Eades was sent back to Rochester for his trouble; Fernando Romero came up to take his roster spot. The Orioles claimed Eades off waivers on 14 August; he pitched 11.1 innings for Baltimore down the stretch. Eades was outrighted by the Orioles in October and is currently a free agent.
Reno Bertoia came to Minnesota with the Twins in 1961, and brought the number he had worn with the Senators along in his suitcase. (Born in Italy as "Pierino," he is the only "Reno" to play in MLB.) Bertoia was the starting third baseman in the Twins' first game; they defeated the Yankees 6-0 at Old Yankee Stadium. He played 35 games, then was traded on 01 June with Golden Gopher Heismann runner-up Paul Giel — a native of Winona, Minn — to Kansas City. The same day, Milwaukee traded Billy Martin to the Twins. Both men were listed at 5' 11"; Martin took over the number. While Martin has more to his story than just that, both men are exemplars of one of the primary types of player to wear this number: banjo-hitting infielders. Another group — banjo-hitting, fleet-footed outfielders — reached its fullest expression in the late Eighties to late Nineties.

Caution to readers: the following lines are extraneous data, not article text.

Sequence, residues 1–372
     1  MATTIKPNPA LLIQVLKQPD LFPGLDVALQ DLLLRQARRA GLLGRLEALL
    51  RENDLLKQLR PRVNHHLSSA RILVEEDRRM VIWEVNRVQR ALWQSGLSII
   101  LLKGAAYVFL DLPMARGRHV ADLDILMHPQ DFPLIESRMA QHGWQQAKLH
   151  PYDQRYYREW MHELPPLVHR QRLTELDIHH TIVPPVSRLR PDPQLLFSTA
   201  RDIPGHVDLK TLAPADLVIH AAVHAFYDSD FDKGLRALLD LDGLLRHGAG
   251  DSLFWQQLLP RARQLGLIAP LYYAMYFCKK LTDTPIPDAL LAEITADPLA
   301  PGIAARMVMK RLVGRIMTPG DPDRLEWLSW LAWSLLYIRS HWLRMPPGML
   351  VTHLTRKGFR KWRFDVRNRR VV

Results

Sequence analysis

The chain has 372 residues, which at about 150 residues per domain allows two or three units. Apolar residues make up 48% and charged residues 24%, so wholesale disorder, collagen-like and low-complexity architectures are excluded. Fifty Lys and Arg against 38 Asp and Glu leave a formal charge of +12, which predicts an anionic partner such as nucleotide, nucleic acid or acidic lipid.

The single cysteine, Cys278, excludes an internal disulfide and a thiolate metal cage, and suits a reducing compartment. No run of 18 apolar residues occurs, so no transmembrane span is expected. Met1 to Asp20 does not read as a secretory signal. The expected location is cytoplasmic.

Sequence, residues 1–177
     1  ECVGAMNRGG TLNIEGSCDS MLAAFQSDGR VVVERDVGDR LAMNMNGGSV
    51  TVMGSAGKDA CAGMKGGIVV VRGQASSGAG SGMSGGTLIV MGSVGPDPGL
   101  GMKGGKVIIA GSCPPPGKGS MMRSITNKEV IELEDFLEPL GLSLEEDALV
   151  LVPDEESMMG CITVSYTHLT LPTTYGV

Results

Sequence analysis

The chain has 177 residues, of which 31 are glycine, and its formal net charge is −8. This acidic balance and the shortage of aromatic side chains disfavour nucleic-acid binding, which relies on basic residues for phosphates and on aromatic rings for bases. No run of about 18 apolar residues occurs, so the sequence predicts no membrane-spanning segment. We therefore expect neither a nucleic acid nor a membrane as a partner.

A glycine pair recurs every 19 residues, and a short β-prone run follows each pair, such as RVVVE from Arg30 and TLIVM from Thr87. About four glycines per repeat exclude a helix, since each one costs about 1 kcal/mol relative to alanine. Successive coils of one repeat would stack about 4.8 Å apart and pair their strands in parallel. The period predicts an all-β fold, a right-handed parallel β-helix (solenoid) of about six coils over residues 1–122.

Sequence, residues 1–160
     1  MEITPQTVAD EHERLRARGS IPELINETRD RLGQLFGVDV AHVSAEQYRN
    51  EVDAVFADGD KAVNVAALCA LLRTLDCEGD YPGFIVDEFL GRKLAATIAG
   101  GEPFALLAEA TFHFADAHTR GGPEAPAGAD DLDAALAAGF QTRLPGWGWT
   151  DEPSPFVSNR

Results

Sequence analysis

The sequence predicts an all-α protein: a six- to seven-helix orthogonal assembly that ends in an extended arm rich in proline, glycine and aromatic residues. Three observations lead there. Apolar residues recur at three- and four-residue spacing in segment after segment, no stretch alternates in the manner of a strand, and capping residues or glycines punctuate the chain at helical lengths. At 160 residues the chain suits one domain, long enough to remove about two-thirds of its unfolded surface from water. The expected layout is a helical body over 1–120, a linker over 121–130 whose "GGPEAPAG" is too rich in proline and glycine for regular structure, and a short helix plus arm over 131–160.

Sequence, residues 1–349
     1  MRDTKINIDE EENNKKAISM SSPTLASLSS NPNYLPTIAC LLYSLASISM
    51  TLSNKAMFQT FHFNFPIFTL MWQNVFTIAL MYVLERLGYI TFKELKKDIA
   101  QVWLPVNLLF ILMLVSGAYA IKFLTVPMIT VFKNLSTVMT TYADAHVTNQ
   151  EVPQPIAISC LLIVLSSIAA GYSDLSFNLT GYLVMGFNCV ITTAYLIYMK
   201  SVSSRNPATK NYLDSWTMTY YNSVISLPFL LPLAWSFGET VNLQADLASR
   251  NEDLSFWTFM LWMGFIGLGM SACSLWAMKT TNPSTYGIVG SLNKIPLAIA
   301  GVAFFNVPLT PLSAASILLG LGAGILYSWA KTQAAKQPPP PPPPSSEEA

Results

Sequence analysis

Martin, of course, is known best for his exploits & altercations while manager of the '69 Twins, who finished first in the new AL West during his only year at the helm. Much could be said about Billy Martin; suffice it to say he's a significant character in the story of the Twins' greatest period of dominance.
No Twin wore Nº 1 in 1962, but after Bernie Allen picked it back up midway through the 1963 season, the number stayed in circulation until 1970. Eric Soderholm wore it for two seasons with a 72 OPS+ over 391 PA, then switched numbers and put up a 117 OPS+ over his last remaining 1136 PA as a Twin. The guys who came after Soderholm didn't find any better success wearing it, and then Twins didn't issue the number to anyone in 1979. In 1982, Ray Smith became the first — and so far, only — catcher to wear Nº 1 for the Twins.